Navajo song ceremonial complex

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The Navajo song ceremonial complex is a spiritual practice used by certain Navajo ceremonial people to restore and maintain balance and harmony in the lives of the people. One half of the ceremonial complex is the Blessing Way, while the other half is the Enemy Way (Anaʼí Ndááʼ).

The Blessing Way[edit]

The rites and prayers in the Blessing Way are concerned with healing, creation, harmony and peace. The song cycles recount the elaborate Navajo creation story (Diné Bahaneʼ).

One of most important Blessing Way rites is the Kinaaldá ceremony, in which a young girl makes the transition to womanhood upon her menarche.[1] During the course of the ceremony, the girl enacts the part of Changing Woman (Asdzą́ą́ Nádleehé),[1] the powerful spirit woman responsible for fertility entering the world. The Kinaaldá ceremony includes the girl demonstrating endurance by ritualised running, each dawn over a period of several days, as well as a hair-combing ritual and the baking of a large corn cake.[1][2]

The Enemy Way[edit]

The Enemy Way (Anaʼí Ndááʼ) is a traditional ceremony for countering the harmful effects of ghosts (error: {{lang-xx}}: text has italic markup (help)), and has been performed for returning military personnel.[3]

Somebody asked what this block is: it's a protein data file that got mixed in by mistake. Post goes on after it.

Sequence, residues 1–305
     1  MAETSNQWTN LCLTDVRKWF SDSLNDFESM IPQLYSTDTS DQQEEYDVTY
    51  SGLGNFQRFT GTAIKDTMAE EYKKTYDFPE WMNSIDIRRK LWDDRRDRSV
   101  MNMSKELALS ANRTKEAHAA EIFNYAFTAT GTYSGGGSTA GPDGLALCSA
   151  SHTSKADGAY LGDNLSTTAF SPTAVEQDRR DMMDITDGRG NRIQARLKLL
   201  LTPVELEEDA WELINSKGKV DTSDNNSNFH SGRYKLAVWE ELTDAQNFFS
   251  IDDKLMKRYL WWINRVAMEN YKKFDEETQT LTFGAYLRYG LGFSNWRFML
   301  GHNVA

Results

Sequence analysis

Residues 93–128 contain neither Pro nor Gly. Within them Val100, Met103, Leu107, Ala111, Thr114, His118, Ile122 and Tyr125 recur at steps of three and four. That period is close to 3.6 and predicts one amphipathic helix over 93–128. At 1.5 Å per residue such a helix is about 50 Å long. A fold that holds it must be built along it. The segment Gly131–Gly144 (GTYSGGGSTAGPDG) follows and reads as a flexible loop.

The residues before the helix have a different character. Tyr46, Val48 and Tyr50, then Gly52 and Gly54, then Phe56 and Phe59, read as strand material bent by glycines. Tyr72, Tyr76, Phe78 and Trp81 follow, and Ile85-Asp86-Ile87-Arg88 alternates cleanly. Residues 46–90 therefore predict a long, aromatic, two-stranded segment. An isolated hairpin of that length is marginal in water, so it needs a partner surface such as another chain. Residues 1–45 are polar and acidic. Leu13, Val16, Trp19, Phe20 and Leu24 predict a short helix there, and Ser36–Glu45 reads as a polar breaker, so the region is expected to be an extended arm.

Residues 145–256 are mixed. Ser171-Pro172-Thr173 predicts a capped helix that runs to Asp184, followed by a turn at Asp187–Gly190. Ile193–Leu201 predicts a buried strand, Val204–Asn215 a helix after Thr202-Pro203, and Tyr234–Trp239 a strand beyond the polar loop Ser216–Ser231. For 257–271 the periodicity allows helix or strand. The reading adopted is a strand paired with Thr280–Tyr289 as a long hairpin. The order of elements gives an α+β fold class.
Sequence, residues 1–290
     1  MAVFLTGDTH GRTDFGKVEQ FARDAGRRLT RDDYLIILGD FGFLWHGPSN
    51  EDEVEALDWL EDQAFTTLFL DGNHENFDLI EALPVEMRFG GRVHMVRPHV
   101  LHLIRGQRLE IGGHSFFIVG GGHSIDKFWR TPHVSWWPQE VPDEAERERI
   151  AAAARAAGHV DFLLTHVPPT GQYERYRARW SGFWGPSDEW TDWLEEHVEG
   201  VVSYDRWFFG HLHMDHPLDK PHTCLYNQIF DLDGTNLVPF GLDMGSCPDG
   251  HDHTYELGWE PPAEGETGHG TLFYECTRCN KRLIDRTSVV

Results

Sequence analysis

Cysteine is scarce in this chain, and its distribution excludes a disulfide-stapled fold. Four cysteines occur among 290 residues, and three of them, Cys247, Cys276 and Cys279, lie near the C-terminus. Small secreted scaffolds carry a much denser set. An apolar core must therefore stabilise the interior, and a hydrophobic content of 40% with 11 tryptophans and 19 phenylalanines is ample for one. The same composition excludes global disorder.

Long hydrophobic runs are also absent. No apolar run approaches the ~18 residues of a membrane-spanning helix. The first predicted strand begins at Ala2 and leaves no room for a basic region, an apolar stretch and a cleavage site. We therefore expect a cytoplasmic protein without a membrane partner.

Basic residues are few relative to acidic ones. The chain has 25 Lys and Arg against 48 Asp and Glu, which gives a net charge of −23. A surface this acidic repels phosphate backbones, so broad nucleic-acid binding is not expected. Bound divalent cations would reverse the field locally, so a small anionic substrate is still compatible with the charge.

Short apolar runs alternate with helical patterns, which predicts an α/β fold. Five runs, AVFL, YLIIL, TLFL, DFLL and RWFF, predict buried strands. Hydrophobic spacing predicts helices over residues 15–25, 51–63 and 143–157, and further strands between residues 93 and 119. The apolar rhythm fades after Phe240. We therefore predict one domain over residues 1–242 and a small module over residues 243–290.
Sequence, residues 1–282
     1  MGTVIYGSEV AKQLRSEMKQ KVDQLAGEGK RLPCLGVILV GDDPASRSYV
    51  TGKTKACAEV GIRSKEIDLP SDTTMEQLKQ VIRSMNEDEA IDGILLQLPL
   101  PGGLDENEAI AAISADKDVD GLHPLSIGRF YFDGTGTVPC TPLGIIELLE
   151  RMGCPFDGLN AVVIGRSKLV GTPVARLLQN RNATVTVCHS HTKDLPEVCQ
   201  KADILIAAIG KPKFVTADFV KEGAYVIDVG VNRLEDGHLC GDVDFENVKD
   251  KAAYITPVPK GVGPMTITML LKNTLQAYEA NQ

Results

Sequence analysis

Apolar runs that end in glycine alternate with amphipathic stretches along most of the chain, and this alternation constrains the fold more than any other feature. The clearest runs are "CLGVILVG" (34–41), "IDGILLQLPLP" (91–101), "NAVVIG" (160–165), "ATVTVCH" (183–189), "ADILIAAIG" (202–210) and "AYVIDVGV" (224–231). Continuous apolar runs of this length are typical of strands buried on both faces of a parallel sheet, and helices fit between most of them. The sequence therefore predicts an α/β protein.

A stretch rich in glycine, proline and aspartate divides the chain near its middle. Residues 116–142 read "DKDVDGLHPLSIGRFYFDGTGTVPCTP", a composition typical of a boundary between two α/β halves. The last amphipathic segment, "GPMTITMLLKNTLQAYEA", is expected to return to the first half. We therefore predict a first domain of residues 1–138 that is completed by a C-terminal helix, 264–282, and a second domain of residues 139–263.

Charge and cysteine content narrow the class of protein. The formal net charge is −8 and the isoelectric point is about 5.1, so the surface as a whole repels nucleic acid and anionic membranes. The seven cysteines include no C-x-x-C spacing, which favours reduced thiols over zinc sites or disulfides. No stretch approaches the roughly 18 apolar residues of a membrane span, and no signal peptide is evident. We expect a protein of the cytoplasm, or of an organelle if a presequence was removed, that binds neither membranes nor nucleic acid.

The Enemy Way ceremony involves song, sandpainting, dance, and the powerful mythical figure Monster Slayer.[4] The ceremony lasts for several days and includes the enacting of a battle.[5]

Associated with the Enemy Way is a Girl's Dance, to which young men are invited by marriageable young women.[6] This derives from an aspect of the Monster Slayer myth, in which two captive girls are liberated.[5]

See also[edit]


  1. ^ a b c Joanne McCloskey, Living Through the Generations: Continuity And Change in Navajo Women's Lives, University of Arizona Press, 2007, pp. 159–162, ISBN 0-8165-2631-1.
  2. ^ Alice N. Nash and Christoph Strobel, Daily Life of Native Americans from Post-Columbian Through Nineteenth-Century America, Greenwood Publishing Group, 2006, p. 152, ISBN 0-3133-3515-X.
  3. ^ Robert F. Murphy (ed), American Anthropology, 1946-1970: Papers from the American Anthropologist, University of Nebraska Press, 2002, p. 111, ISBN 0-8032-8280-X.
  4. ^ Vincent Crapanzano, The Fifth World of Forster Bennett: Portrait of a Navajo, University of Nebraska Press, 2003, p. 238, ISBN 0-8032-6431-3.
  5. ^ a b Reginald Laubin and Gladys Laubin, Indian Dances of North America: Their Importance to Indian Life, University of Oklahoma Press, 1989, p. 423, ISBN 0-8061-2172-6.
  6. ^ Clyde Kluckhohn, Dorothea Cross Leighton, Lucy H. Wales, and Richard Kluckhohn, The Navaho, Harvard University Press, 1974, p. 228, ISBN 0-674-60603-5.